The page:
In Congo, more than 200 different languages are spoken, most of which belong to the Niger-Congo languages, especially the Bantu languages and the Adamawa-Ubangi languages, and a smaller group is Central or East Sudanese and Nilotic languages within the Nilo-Saharan language family. Four Bantu languages - Swahili, Lingala, Kikongo (Kituba) and Tshiluba – serve as interpersonal languages and are defined in the Constitution as national. Due to the widespread multilingualism, meaningful speech numbers cannot be specified.
The former colonial language French is an official language, but the regional languages are also used in elementary school education and in the media.
Christianity is the majority religion in Congo and is comprised of about 95 percent of the population. Among the Christians, the Catholic Church is the largest with about 55 percent of the population as members. Sporadic Catholic missionary activities began as early as the end of the 15th century, but the great breakthrough occurred during the modern colonial era of the 19th and 20th centuries. In the Protestant mission, efforts have been made by missionaries from, among others, the Swedish Missionary Union, the Swedish Baptist Society and the Pentecostal Movement. The largest Protestant religious community is the Kimbanguist Church (see Kimbanguism), which in 2010 was comprised of approximately 16 percent of the population. Among Christians, about 10 percent are believed to be affiliated with more than one religious community.
The proportion of Muslims is estimated at just under 1.5 percent and approximately 2.5 percent of the population are practitioners of indigenous traditional African religion. However, indigenous African religions have greatly influenced Christianity in Congo. More than 90 different faith communities have been identified in the country. These include Jehovah’s Witnesses, The Church of Jesus Christ of Latter-day Saints (Mormons), Orthodox Churches, Baptists, Pentecostal Churches, Methodists, and the open branch of the Plymouth Brethren.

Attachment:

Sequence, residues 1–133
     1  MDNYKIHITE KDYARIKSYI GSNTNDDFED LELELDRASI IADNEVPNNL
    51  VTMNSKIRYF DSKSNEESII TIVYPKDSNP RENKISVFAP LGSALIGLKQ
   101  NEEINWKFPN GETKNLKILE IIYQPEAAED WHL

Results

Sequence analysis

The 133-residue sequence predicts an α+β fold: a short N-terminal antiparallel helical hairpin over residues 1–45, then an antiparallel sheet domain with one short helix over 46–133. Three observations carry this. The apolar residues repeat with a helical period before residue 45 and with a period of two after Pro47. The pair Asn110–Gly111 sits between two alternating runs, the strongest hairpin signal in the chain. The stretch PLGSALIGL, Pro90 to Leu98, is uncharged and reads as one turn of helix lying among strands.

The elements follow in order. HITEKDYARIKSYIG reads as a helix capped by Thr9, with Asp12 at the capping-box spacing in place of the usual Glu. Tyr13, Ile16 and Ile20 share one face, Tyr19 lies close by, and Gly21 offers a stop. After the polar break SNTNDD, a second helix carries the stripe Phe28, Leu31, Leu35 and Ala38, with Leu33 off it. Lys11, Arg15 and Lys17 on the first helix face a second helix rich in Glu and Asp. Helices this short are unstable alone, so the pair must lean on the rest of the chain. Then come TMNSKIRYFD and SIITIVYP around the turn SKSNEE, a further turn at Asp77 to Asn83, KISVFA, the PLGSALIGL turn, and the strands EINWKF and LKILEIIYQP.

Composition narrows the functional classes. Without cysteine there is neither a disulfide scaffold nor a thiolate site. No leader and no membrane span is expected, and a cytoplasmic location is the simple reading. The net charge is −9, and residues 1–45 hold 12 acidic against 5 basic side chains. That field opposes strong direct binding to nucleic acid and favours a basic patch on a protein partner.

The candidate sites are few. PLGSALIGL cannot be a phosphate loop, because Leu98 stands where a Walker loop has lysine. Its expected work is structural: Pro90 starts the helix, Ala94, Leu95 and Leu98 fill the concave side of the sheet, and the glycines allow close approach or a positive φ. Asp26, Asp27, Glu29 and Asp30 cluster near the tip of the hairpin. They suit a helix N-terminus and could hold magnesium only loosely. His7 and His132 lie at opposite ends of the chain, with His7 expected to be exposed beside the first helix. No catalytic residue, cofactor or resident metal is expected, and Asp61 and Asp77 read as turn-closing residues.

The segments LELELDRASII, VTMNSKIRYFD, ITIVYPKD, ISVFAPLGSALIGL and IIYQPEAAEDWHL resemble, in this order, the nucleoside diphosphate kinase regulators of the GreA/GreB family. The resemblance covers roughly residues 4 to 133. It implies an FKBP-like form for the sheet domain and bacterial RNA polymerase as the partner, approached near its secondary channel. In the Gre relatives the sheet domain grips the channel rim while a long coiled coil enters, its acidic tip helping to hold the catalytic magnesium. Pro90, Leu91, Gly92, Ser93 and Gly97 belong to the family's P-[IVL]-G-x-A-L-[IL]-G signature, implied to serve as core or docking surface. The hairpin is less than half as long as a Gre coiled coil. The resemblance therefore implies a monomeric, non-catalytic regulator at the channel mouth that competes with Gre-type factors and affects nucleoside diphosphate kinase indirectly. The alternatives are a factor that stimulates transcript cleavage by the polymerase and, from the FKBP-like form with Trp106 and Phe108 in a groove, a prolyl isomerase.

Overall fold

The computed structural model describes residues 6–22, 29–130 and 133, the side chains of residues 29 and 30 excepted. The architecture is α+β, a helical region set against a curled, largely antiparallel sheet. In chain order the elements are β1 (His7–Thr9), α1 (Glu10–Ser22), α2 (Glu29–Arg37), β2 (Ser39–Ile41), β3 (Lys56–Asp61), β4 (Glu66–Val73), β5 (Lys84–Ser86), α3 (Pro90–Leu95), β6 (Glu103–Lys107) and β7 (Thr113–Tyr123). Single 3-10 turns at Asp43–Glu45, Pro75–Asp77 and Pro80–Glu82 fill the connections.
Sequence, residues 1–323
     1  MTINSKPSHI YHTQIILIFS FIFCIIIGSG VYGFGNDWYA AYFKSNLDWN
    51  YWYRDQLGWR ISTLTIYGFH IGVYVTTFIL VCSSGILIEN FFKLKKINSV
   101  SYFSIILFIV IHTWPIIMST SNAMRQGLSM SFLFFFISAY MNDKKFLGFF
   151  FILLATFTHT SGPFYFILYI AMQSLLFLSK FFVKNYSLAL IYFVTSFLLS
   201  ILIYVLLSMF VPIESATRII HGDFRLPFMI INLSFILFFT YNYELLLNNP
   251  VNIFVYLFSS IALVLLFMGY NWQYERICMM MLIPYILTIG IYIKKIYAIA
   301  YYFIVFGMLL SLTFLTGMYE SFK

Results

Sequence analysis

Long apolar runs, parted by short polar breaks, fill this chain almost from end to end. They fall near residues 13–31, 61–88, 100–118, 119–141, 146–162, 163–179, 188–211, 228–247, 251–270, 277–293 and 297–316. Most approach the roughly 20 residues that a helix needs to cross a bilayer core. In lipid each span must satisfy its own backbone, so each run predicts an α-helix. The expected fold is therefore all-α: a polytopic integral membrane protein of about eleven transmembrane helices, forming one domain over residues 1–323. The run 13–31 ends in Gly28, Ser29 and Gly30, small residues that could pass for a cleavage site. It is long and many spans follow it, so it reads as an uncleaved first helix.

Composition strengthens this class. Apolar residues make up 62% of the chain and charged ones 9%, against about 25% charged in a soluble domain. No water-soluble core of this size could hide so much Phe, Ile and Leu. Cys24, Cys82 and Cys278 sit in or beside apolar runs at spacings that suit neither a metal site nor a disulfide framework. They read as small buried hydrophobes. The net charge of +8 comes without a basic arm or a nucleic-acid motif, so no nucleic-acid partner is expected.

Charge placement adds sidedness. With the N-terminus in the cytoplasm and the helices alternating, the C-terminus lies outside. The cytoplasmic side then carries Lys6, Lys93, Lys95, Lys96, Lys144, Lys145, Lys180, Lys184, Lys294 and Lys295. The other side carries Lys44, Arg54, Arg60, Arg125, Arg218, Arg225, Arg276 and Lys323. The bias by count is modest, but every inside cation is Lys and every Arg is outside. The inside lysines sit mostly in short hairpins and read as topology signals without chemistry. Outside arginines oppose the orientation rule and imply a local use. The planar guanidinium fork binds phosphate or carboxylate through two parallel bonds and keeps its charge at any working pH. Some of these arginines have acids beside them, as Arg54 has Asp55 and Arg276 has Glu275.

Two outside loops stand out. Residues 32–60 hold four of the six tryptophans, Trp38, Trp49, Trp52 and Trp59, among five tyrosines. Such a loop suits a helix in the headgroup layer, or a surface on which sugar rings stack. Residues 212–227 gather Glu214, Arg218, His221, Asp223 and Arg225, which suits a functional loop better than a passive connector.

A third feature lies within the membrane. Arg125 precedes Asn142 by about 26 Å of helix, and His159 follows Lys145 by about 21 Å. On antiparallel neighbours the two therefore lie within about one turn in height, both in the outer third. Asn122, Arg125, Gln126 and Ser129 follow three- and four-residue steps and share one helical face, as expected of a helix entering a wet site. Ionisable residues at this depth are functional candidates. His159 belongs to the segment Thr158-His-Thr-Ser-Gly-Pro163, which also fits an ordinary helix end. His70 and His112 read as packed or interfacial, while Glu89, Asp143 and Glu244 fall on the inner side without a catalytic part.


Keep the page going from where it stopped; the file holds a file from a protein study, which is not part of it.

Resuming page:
The religious communities are scattered across the country, though with stronger representation in the cities than in the countryside. The Muslims are mainly found in the northeastern part of the country, in the province of Maniema and in Kinshasa.
- Follow abbreviationfinder to see what is the meaning of CG in geography. It can stand for Democratic Republic of the Congo. Click this site to see other possible meanings of this acronym.
A domestic religious with political ambitions, the Bundu dia Congo (BDK), which means ‘association with Lord Akongo’ has the strongest support in the province of Congo Central, where the number of members is stated to be several thousand. BDK fights for increased independence for Congo Central. It seeks a decentralized political and administrative system whose purpose is to give the Congolese increased power to decide for themselves over the future. BDK advocates a return to genuine African spiritual, cultural, moral and social values, a recapture of natural resources within the part of the country that BDK identifies as the Kingdom of the Congo and within which the Kingdom’s people are to be reunited.